PTC’s upturn continues

New product sales rose dramatically but the company took a net loss of $13.4 million in the quarter due to tax issues involved with income repatriation, and a lawsuit settlement in Japan.

By L. Stephen Wolfe, P.E.
Contributing Analyst

The sales rebound at Parametric Technology Corporation (NASDAQ: PMTC) continued in the fourth quarter of fiscal 2010, ending September 30, 2010. New license sales of what PTC calls enterprise products rose 27% compared with the same period a year ago. This growth is slower than the previous three quarters but still respectable. More surprising was the 25% year-to-year surge in new desktop licenses that include Pro/Engineer, CoCreate, MathCAD, Arbortext, and Mechanica. Desktop license sales have been relatively flat since the end of 2009 when they fell by half.

PTC’s overall revenue growth was not as robust as license sales, rising 9% compared to a year ago. Highly lucrative software maintenance fees edged up less than 1% year-to-year. Low-margin consulting and training services grew 5% percent. However, when new license sales rise, maintenance and services are almost certain to follow.

Hit by tax anomaly

Despite rising sales, PTC lost $13.2 million in the quarter because its tax rate rose to 135% of pretax income. There are two reasons for this anomaly. First, according to Jeff Glidden, PTC’s new finance chief, the company restructured its international operations in order to bring cash profits that had been held overseas back to the US. This reorganization increased PTC’s 2010 tax rate to 70% because US taxes had to be paid on those foreign profits.

Secondly, PTC settled a lawsuit filed in August 2007 by GE Japan alleging that the GE subsidiary was fraudulently induced to provide more than $60 million in financing to Toshiba Corporation for purchases of predominantly PTC products during a period from 2003 to 2006. The suit was adjudicated in a Tokyo district court.

According to Glidden, PTC had established a $57 million reserve for probable costs of the lawsuit. With the settlement, PTC sent GE Japan $48 million in cash, booked a $9.036 million profit, and had to pay the tax man. Had PTC not reorganized its tax liabilities and settled the suit in the current quarter, it would have earned about $28.7 million pretax and about $21.5 million ($0.19 per share) after taxes, assuming a normal 25% tax rate that PTC projects for the next several years.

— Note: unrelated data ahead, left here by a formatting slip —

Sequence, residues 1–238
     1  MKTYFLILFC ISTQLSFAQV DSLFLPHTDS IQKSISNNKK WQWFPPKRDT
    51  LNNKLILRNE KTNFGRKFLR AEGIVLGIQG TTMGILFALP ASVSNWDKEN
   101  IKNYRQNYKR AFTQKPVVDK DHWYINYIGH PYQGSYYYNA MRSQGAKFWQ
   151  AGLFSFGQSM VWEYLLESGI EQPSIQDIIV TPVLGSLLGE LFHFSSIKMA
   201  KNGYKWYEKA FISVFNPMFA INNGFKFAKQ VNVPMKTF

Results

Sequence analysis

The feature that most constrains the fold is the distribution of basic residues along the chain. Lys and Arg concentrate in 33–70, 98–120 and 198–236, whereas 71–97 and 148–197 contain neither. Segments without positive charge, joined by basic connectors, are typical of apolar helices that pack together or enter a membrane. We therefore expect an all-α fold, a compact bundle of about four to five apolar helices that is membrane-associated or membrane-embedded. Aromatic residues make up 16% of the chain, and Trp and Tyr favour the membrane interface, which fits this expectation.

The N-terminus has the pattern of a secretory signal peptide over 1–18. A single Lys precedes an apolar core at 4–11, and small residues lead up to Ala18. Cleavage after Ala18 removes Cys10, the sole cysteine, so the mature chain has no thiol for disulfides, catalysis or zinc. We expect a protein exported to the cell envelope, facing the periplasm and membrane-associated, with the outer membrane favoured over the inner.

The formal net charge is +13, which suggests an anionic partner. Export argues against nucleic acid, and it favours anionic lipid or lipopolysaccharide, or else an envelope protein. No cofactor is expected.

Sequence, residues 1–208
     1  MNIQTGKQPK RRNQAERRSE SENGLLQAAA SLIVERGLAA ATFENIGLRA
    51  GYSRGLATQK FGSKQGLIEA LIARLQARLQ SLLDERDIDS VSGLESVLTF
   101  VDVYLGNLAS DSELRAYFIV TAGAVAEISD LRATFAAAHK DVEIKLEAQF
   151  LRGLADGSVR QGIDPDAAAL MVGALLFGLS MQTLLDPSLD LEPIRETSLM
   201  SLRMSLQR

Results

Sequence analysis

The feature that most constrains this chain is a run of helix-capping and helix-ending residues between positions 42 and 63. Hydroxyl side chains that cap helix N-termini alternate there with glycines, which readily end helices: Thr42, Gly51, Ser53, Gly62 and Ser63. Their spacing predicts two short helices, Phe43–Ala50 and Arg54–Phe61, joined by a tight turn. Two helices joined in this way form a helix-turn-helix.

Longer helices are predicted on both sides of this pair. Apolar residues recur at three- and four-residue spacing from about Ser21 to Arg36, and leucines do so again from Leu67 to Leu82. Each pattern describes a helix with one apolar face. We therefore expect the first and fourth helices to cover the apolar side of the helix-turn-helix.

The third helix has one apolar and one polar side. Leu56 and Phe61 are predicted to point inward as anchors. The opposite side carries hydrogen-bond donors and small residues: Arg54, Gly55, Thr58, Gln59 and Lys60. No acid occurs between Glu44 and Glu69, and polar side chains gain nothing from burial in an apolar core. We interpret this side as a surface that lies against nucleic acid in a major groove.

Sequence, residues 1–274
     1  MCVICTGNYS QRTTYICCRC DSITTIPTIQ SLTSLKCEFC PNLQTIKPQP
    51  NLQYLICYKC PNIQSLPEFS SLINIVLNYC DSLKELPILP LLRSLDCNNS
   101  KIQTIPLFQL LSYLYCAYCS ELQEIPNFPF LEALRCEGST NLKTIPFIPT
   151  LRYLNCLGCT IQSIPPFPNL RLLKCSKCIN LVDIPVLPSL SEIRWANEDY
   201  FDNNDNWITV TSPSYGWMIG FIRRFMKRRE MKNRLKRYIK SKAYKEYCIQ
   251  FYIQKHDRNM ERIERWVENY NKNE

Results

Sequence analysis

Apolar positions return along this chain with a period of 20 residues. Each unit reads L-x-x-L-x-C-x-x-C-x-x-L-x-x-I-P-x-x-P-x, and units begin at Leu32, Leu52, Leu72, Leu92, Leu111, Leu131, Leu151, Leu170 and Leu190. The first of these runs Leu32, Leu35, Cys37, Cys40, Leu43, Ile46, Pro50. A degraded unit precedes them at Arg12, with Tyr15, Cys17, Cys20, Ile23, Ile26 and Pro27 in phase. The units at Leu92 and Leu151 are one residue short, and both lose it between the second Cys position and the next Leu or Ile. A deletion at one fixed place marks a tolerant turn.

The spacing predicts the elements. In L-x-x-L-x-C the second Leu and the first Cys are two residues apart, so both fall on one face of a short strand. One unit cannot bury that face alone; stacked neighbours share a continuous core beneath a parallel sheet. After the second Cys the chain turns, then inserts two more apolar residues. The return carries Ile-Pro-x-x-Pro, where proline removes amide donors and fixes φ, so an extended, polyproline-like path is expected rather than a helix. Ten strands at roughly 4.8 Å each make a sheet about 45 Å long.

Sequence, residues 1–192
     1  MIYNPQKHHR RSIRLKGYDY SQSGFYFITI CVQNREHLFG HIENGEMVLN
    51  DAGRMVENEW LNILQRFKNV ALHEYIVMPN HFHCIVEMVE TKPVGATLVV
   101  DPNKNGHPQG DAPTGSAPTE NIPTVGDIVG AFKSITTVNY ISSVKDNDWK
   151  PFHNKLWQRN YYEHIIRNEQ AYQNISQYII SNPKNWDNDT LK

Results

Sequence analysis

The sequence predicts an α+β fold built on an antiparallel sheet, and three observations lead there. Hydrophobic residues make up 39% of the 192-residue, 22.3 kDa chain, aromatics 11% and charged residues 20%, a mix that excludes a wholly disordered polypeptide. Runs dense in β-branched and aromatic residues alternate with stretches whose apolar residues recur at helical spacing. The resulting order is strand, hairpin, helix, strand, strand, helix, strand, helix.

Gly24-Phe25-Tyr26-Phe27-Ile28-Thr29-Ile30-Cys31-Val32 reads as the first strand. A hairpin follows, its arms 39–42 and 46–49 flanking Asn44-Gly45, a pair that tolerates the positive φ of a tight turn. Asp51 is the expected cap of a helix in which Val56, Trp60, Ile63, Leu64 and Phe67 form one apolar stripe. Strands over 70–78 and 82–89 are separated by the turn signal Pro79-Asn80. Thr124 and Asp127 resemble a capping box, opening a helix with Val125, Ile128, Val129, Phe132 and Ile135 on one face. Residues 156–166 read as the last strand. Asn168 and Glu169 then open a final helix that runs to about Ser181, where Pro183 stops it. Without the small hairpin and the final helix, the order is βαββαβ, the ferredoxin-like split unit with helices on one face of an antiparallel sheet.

What about the stock?

PTC’s financial prospects are unquestionably looking up. But is its stock a good value?

For the fiscal year ended September 30, PTC earned $0.21 per share. Its stock currently sells for just over $21 or more than 100 times earnings. In a statement accompanying its financial reports, PTC executives wrote, “We intend to deliver 20% non-GAAP EPS growth annually through FY’14… primarily through accelerating organic revenue growth coupled with modest margin improvement.” Non-GAAP earnings per share is corporate-speak for profits that exclude costs that accountants and normal people would recognize, such as stock-based compensation, amortization of intangible assets, income tax adjustments, and the effects of lawsuits.

PTC claims its non-GAAP earnings in the current quarter were $0.32 per share versus $0.30 a year earlier. For the current fiscal year, the non-GAAP figure is $1.00 versus $0.80 for FY 2009. If PTC’s earnings were to rise by 20% for four years, it would earn $2.22 on a non-GAAP basis and a good deal less when all the costs are included. In other words, if everything proceeds according to plan, PTC will earn something less than 10 times its current stock price four years hence. Yet a look at PTC’s annual sales and revenue chart suggests it hasn’t grown sales or profits in 13 years.

Today, any investor can buy Intel Corporation for less than 11 times and Microsoft for 12.4 times current earnings. Which do you think are the safer investment? Both Intel and Microsoft have commanding shares of their mature segments of the computing market. PTC’s rivals in the CAD and PDM business all have roughly twice its revenues. Mechanical engineering software is at least as mature a business as microprocessors, operating systems, and business software.

Unlike Intel and Microsoft, PTC pays no dividend, and given its history seems unlikely to do so. The only income investors can hope to make is to sell their shares to greater fools in the future.

These concerns didn’t seem to faze shareholders who bid PTC’s share up 3% following its earnings call on October 27. Perhaps these are the same financial geniuses who bought mortgage-backed bonds and CDOs.

Cash per share on September 30, 2010 was $2.08, up considerably from $1.88 three months ago. PTC has approximately 25% as much cash on hand as either Dassault Systèmes or Autodesk.

Seven charts follow

GraphicSpeak Managing Editor Randall S. Newton contributed research for this article.